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Re: Bar for foiling

Postby alekbelia » Mon Feb 12, 2024 11:54 am

rynhardt wrote:
Mon Feb 12, 2024 10:00 am
I like it. Looks like your Quick Release has a built-in swivel? Could you post a closeup pic of it?
Yes. There is a swivel and it's very handy. This is not the final version yet, but I don't have a photo of the latest one (these days I have made significant changes, but they must also be tested).
Sceotend wrote:
Mon Feb 12, 2024 10:22 am
How frequently does this method lead to a tangled bridle? I've employed a similar approach using the front line. When executed with precision, the kite usually flags out nicely against the ground, making it easy to untangle the bridle.
This method is slightly better than pulling a front line because the front lines on singleskin kites are attached at 2 points and the kite holds more air.
Also the entanglement of the kite is not great, rather the whole kite is rotated around the four lines.
Very often in light to moderate winds only one or two rolls of the kite around the back end of the kite in the opposite direction to the roll of the kite are required.
It is also better to pull the lower control line, because even the smallest grass or pieces of snow will catch the bridle and the kite will park extremely stable.
I use the same method in very strong winds, but then the entanglement is unavoidable as it takes time to reach the kite while holding one control line.
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Re: Bar for foiling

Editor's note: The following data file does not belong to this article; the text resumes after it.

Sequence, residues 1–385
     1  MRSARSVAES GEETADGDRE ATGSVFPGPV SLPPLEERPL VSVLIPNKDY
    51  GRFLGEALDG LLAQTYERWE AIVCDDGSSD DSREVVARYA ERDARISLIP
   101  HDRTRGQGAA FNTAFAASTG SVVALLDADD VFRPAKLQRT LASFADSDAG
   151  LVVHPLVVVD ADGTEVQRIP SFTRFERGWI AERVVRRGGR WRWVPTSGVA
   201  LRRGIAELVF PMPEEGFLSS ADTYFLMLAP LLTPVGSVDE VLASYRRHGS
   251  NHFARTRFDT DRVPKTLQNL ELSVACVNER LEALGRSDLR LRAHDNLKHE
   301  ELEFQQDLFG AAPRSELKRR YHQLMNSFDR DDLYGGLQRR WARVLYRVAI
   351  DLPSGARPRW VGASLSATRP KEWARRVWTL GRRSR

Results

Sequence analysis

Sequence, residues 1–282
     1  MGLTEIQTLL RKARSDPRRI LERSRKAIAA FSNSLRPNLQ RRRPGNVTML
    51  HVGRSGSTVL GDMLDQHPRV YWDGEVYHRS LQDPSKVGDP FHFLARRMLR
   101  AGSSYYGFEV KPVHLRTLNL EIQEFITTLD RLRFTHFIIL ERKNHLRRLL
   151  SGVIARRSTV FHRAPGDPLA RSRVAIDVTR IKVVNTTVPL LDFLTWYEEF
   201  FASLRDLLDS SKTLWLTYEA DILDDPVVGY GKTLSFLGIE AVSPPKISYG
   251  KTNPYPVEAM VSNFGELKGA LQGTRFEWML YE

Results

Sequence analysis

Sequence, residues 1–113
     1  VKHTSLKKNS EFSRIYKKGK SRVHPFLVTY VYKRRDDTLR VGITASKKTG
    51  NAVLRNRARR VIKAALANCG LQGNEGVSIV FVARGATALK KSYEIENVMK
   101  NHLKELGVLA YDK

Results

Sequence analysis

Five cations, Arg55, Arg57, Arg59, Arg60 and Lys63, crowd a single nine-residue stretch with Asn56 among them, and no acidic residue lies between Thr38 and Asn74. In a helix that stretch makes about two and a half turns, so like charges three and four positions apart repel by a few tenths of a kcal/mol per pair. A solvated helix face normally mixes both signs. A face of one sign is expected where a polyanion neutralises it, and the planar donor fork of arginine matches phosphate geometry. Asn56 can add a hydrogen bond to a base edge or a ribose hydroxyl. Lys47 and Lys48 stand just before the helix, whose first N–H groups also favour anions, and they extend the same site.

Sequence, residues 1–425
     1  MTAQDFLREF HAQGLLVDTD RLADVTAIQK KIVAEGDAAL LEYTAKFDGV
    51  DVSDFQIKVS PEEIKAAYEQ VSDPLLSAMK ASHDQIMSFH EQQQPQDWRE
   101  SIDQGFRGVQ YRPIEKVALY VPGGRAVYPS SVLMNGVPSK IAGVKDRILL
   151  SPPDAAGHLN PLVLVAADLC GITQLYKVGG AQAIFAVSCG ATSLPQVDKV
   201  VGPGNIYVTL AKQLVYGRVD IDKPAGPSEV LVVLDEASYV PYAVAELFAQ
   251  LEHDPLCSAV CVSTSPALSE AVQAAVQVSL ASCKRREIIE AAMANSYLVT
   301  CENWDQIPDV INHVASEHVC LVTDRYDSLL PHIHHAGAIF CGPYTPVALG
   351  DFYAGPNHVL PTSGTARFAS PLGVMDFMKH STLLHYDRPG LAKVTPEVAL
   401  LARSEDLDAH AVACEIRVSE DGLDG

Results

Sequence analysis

Postby edt » Mon Feb 12, 2024 3:33 pm

Peter_Frank wrote:
Mon Feb 12, 2024 10:54 am

In fact a line snag can happen just as easy or easier if having floaters instead of a clean bar rearline/leaderline as shown in above post, or similar.

I'll have to disagree with you there. Floaters definitely help prevent that death loop bar wrap especially if you are trying tricks that make you crash a lot. The "chicken line" is also the depower line. Tho I'm not sure it's the depower line if you don't have a trim and can't depower it. The thick center lines whatever you call it. Keep your minimal bar, I'm not taking it away from you, just saying if someone wants floaters on their otherwise minimal bar there are good reasons for it, so don't hate me for it.

I believe there are some style decisions going into hydrofoil minimalism which are then called functional because style is somehow a dirty word for minimalist hydrofoilers. There's nothing wrong with being stylish.

If you only ride a peak you can also eliminate the quick releases (both leash and chicken loop QR's) entirely since you can rely on the peak collapsing when it crashes. Instead of using a QR to attach yourself to the harness you can use a simple lark's head and eliminate a few more grams of weight.

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Re: Bar for foiling

Postby Peter_Frank » Mon Feb 12, 2024 4:31 pm

In theory and it will work in most cases edt, with a larks head around your hook, yes, so a fixed connection once powered.

But that is (beyond) my limit regarding safety - I want some kind of final release IF something flies into your lines, another kite as an example, or if a car or "anything" drives into your lines on land etc.

It could get horribly wrong if you cant release, say if a big freestyle kite is deathlooping tangled into your lines :o